Storm Isha: All trains in Scotland cancelled as weather forecast worsens

No trains first thing on Monday until lines can be inspected
The amber weather warning for high winds is in force fro 6pm on Sunday to 6am on Monday.The amber weather warning for high winds is in force fro 6pm on Sunday to 6am on Monday.
The amber weather warning for high winds is in force fro 6pm on Sunday to 6am on Monday.

All trains in Scotland were cancelled after 7pm on Sunday night as forecasters said they expected Storm Isha to bring worse weather than originally predicted.

And there will be no trains first thing on Monday morning because lines will have to be checked before services can resume.

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Network Rail Scotland, which is in charge of tracks across the country, said it had taken the decision in the interests of the safety of passengers and staff.

In a statement issued shortly before 4pm on Sunday, the company said: "Our weather specialists confirm the forecast has worsened, with a high likelihood of damage to Scotland’s Railway. All passenger and freight services will be suspended from 7pm, with trains still on the network completing journeys under speed restriction.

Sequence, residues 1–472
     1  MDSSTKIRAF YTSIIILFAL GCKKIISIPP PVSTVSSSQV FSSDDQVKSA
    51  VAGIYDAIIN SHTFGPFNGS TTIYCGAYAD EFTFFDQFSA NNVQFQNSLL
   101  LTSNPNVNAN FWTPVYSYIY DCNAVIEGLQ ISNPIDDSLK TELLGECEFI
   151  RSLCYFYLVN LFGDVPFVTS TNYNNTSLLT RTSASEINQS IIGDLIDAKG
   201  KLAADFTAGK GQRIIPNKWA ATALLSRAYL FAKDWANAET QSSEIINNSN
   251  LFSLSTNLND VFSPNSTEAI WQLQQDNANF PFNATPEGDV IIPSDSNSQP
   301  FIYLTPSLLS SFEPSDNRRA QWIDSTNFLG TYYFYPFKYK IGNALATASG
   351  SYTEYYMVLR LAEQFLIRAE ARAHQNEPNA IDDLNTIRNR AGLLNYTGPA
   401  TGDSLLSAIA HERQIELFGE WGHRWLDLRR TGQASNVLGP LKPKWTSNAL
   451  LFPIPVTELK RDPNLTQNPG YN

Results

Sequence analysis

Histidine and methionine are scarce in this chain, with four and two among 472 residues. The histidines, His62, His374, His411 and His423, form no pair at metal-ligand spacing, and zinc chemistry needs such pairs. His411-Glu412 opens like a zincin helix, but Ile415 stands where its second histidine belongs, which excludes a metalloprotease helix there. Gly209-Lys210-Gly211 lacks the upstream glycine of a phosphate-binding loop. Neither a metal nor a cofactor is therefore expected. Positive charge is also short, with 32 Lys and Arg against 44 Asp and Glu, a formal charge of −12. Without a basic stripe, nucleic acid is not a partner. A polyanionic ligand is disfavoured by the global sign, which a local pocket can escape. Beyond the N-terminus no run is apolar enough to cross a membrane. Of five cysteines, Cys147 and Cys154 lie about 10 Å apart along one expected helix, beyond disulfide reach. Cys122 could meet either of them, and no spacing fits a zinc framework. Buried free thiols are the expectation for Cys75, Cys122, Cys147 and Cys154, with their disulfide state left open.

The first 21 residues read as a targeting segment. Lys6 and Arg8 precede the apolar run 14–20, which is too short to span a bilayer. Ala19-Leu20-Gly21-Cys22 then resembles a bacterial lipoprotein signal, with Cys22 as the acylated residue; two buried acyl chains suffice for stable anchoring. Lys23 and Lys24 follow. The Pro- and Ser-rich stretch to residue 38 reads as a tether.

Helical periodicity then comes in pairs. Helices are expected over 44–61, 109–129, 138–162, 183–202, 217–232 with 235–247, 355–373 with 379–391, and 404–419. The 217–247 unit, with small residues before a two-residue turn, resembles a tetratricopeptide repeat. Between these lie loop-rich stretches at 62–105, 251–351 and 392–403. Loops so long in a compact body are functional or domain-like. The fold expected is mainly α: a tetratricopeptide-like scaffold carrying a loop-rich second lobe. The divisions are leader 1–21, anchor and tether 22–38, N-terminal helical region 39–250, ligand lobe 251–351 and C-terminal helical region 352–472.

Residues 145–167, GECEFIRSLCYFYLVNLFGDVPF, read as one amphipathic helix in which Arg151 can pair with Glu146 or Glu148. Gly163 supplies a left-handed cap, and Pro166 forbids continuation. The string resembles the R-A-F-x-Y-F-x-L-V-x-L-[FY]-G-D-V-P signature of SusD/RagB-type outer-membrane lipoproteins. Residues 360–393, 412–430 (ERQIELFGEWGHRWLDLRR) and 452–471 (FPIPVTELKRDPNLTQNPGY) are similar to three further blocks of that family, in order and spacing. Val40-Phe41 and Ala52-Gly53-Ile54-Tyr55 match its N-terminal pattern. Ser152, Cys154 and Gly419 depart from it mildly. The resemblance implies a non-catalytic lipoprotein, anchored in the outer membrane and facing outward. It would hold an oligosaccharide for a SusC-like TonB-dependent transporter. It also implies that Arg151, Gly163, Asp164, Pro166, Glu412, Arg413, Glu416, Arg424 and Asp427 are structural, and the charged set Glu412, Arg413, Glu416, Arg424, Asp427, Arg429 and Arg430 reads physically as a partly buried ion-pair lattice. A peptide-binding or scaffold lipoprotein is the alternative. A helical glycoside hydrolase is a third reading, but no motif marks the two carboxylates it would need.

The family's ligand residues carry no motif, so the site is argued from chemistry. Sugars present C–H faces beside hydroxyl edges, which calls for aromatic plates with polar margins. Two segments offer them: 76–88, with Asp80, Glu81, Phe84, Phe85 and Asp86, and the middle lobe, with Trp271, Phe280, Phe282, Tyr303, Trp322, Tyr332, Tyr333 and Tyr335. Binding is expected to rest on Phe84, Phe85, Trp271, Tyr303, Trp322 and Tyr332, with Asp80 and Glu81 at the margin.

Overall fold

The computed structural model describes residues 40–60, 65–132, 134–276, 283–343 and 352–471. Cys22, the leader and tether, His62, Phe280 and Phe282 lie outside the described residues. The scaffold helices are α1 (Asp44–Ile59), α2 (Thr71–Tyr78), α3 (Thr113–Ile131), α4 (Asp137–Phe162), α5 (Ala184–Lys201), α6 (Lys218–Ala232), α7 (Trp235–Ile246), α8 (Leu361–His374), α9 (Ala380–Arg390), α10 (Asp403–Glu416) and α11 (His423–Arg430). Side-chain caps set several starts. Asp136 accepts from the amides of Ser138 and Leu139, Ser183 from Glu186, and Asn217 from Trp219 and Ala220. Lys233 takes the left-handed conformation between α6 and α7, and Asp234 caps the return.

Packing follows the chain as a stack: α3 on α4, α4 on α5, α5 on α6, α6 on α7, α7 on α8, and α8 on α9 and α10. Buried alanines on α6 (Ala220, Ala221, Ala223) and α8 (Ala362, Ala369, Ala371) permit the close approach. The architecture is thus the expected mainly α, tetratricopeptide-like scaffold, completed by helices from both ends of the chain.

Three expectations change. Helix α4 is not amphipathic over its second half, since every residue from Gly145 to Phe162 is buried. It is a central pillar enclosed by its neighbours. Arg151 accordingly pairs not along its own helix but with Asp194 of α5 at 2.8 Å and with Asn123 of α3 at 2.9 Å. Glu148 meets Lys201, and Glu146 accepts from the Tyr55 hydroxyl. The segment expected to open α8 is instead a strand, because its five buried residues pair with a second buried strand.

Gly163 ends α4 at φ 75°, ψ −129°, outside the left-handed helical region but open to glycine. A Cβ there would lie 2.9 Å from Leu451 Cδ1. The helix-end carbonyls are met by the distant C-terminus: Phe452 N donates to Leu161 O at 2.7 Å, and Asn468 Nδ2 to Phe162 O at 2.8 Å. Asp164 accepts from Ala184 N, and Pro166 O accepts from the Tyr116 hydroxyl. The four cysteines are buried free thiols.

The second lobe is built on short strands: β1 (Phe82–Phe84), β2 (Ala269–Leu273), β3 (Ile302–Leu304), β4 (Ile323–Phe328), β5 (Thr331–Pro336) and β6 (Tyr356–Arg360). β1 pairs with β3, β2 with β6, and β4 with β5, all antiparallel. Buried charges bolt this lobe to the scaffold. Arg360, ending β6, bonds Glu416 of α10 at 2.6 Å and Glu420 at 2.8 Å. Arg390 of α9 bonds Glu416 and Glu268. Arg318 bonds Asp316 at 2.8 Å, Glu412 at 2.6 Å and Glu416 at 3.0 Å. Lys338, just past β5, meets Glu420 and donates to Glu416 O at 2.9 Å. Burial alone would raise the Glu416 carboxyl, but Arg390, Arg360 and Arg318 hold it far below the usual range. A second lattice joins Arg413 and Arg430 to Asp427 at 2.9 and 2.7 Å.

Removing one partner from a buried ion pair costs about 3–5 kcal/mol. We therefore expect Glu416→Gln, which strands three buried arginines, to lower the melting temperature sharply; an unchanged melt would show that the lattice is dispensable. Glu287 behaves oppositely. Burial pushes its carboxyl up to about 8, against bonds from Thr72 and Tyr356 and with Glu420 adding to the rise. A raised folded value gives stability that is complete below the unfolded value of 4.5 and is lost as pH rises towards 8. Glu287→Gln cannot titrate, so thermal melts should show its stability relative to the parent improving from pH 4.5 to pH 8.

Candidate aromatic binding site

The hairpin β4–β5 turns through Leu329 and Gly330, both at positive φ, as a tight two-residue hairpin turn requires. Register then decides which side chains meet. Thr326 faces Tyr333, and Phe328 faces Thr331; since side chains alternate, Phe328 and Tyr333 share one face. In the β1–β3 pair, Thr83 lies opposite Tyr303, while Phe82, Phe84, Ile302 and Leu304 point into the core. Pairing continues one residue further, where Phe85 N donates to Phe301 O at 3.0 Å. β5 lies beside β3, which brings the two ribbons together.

"Lines will remain closed on Monday morning. Each route must be inspected by our engineers for damage and fallen trees/debris, which means it will be later on Monday before any trains can run. We will of course keep you up to date on our progress.

"This decision has been made to keep passengers and our people safe. The Met Office have warned that the storm will have a high impact, damaging buildings, homes, power networks, and transport infrastructure. Power cuts may occur and flying debris will also be a risk."

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The Met Office amber warning for high winds, covering most of the country, is from 6pm on Sunday until 6am on Monday. And there were reports of wind gusts of up to 90mph even before Storm Isha actually arrived in Britain from the Atlantic.

The Met Office said: "Damage to buildings and homes is possible, with roofs blown off and power lines brought down. Roads, bridges and railway lines may close, with delays and cancellations to bus, train, ferry services and flights.

"Power cuts could occur and affect other services, such as mobile phone coverage. Flying debris could result in a danger to life. There is potential for large waves and beach material being thrown onto sea fronts, coastal roads and properties."

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